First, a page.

Ian Balfour

Happy Trailers To You

If you had to give a name for the kind of film Stanley Kubrick’s “The Shining” is, I’m guessing you would not come up with “Romantic Comedy.” Maybe you would have opted for “Horror?” “Gothic?” But take a gander at this, if you haven’t already.

Robobos, “Shining: Trailer” (2006)

Thanks to some creative editing and the ongoing miracle that is YouTube, you can see this homemade trailer, renamed simply “Shining,” presenting the movie as unlikely example of a genre to which it does not belong: Romantic or domestic comedy. It’s upbeat, sentimental, and pretty much everything works in the end. Not how you remembered it.

Among the great burgeoning archives on the internet is an immense cache of film trailers, which, until recently, were hardly accessible as such. In the olden days, you would have had to go to a film archive to get them after the fact: no video store in their right mind would stock a two-minute trailer or even compilations of them. Now you can view the trailers for thousands of major and minor movies of the past and some decidedly offbeat films. And with the renewed prominence of the trailer comes its bastard offspring, the spoof trailer, of which hundreds now circulate on the internet.

Tech-savvy kids and the occasional adult take snippets of scenes from the film and recut them to have them mean something (almost) completely different. Skewing the soundtrack can also make a huge difference. So, for example, in this version of “The Shining” the perturbing high-modernist dissonances of a Ligeti are replaced by Peter Gabriel’s unduly cheerful “Solsbury Hill,” turning the emotional world upside down.

And that annoying voice? The spoofs make the original trailers, with their overbearing deep-throated, sensitive-but-macho voices of someone who has seen more films than Quentin Tarantino, seem all the more like the trumped-up things they are.

Picture 26Aside from the sheer entertainment value of the good ones, these send-up trailers can teach us things. “Shining” reminds us how much depends on where and when any given incident occurs in the sequence of the film. Sure there are lighthearted, corny, and calm moments in “The Shining,” but we know, from one clue or another, that problems are “just around the corner” in this film of claustrophobic corridors in an otherwise vast hotel set in a boundless landscape. The trailer shows the separate moments to building blocks and motifs and incidents whose meaning will alter radically based on the position in a sequence.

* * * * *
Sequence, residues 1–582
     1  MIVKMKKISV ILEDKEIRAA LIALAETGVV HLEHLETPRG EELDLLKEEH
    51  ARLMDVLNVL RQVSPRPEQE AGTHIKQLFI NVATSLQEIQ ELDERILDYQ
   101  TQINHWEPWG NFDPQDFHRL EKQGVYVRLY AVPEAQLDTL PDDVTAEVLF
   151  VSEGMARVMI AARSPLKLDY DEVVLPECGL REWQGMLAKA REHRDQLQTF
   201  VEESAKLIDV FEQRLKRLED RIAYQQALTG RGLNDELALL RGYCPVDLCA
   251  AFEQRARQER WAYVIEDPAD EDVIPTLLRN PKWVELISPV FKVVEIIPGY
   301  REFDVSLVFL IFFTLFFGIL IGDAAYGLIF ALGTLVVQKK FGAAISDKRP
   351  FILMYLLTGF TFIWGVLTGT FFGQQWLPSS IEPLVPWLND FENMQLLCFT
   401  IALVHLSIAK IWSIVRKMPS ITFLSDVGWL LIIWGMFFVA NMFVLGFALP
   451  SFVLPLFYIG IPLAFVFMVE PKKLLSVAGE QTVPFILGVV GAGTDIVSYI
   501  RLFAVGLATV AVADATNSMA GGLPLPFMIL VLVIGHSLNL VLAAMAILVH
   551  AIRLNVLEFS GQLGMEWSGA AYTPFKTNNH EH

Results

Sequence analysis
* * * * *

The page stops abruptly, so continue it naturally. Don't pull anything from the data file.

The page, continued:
Take marriage, say: If you’re a character in a Jane Austen novel or a Shakespeare play, you should try to postpone the wedding until til the end of the book. If it’s Austen and you get married early on, it means you’re a minor character; if you’re in a Shakespearean tragedy, you don’t want to get married in Act I, like Othello and Desdemona. Had it been Act V, no problem. But for a major character to get married in Act I is really bad news.

The mock trailer for “The Shining” tends to reverse sequence of things, having what appear to be troubling things come first and the sentimental or even sappy things come second or last, taking them out of their content and now implying, improbably, some grand resolution in the end.

Chris Rule & Nick Eckert, “Scary ‘Mary Poppins’ Recut Trailer” (2006)

The phenomenon should have legs. From “Mary Poppins” recast as a horror movie to any film with a series of what could vaguely be construed as homoerotic glances or embraces being turned into “Brokeback“…

chocolatecakecity, “Brokeback To The Future” (2006)

Whatever, the possibilities are more or less endless. The more pretentious the original, the better.

And you can try this at home.

– Ian Balfour

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Ian Balfour writes mainly about literature and aesthetic theory but moonlights on various topics in popular and unpopular culture (Pee Wee Herman, Kiarostami, The Silver Jews). Author of books on Romantic Prophecy and Northrop Frye, he has co-edited with Atom Egoyan "Subtitles: On the Foreignness of Film" and with Eduardo Cadava "And Justice for All? The Claims of Human Rights." He teaches at York University.